Daily life at the Monastery

Ani Rinchen Khandro explains that life in a 'place beyond concept' may be calm, but it's also full o


If, after having encountered a realized spiritual master of authentic and unbroken lineage, one wishes to become a Buddhist the next step is to ‘take refuge’. In the Tibetan Buddhist tradition the spiritual teacher, who embodies the Buddha, bestows refuge and the student puts his or her wholehearted trust in the three refuges of the Buddha, the Dharma, (the Buddha’s teachings), and the noble Sangha, (the other enlightened ones).

The Buddha gave thousands of different teachings and methods appropriate to the various kinds of beings. It is the teacher’s job to guide the student towards the most suitable teachings for their particular type of personality. However, they all have the same purpose which, in essence, is to overcome suffering and attain true happiness by refraining from negative acts and by practising virtue. We aspire to attain full realization of our innate Buddha nature so that we can help others do the same. That is the motivation behind all the study, meditation, prayer and other activities.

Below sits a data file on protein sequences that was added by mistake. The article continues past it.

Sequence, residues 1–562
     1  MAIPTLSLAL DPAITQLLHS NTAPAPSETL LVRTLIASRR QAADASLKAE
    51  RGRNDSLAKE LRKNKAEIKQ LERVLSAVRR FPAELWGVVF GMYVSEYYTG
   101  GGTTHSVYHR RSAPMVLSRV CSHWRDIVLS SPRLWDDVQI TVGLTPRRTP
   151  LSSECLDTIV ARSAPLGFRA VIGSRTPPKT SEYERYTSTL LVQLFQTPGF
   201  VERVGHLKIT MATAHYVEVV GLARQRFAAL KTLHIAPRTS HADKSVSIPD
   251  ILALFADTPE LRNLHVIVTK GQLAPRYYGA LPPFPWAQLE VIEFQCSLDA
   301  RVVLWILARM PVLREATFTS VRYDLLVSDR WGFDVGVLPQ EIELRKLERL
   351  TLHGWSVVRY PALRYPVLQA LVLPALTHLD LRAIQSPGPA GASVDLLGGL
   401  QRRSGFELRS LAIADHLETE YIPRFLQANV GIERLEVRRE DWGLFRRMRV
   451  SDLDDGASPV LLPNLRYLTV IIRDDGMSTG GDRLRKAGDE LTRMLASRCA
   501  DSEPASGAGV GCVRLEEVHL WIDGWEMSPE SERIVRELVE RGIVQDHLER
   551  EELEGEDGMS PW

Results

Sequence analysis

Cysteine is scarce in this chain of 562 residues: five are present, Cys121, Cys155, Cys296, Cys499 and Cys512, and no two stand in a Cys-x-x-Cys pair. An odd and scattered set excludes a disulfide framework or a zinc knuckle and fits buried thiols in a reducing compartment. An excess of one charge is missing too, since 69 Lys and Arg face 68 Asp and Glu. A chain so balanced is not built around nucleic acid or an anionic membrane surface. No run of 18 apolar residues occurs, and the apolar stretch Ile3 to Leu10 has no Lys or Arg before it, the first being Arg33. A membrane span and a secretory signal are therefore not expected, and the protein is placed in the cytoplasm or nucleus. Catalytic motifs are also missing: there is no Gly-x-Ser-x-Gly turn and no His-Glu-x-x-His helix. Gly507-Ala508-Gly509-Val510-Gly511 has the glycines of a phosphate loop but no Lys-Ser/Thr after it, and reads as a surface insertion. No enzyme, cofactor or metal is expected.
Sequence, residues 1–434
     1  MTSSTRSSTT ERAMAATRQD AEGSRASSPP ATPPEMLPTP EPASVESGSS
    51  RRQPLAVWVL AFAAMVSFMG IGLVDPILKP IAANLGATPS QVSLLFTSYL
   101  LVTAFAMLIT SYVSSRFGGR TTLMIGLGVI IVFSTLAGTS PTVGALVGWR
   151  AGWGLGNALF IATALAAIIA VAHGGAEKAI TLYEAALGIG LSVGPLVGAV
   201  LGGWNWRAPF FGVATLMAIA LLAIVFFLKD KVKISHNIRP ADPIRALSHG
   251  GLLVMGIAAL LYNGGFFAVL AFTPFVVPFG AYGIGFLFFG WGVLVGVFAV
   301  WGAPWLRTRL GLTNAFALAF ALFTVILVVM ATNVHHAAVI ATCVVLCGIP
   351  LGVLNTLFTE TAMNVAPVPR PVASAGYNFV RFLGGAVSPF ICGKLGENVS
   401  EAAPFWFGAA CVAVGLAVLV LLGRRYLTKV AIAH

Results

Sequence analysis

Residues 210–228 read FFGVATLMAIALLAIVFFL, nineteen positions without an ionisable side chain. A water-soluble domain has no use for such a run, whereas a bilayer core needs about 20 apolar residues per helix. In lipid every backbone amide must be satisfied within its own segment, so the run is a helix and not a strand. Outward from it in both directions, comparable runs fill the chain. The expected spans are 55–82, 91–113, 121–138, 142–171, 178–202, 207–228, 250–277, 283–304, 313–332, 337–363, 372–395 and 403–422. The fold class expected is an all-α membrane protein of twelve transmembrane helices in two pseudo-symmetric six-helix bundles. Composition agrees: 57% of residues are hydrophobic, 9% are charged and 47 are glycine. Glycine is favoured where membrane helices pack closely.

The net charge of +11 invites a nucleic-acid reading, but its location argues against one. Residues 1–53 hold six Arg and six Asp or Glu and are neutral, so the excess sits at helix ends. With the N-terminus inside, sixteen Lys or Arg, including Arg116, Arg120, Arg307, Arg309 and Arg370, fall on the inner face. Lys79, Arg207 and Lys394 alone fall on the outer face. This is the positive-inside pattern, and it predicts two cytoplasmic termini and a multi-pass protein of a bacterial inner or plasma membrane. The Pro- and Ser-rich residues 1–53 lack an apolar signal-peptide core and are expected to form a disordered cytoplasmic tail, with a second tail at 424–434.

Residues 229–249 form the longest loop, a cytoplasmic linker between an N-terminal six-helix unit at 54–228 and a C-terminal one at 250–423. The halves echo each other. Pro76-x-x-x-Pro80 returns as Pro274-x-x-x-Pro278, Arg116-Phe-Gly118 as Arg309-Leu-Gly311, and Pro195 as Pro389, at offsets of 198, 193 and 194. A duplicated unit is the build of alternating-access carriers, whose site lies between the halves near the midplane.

Mornings at Samye Ling begin with prayers in the main shrine room at six AM. These are dedicated to Green Tara, a female aspect of Buddha who is particularly associated with fearlessness, swift, compassionate activity and protection from all manner of ills. We aim to cultivate those qualities within ourselves through prayer, mantra recitation, visualisation meditation and offerings. After breakfast there is an hour session of sitting meditation then at nine o’clock everyone goes to work wherever their daily jobs take them, whether in an office, kitchen, garden, workshop, art room, café or shop.

A hearty vegetarian lunch is followed by more prayers then it’s back to work until five, when there is another meditation session. Supper is followed by evening prayers then the rest of the evening is free. As most people are quite busy with their work we are not expected to attend every prayer and meditation session of each day but just do our best, and try to go to at least one. It is up to the individual and how diligent they are. As with anything, the more you put in, the more you get out of it.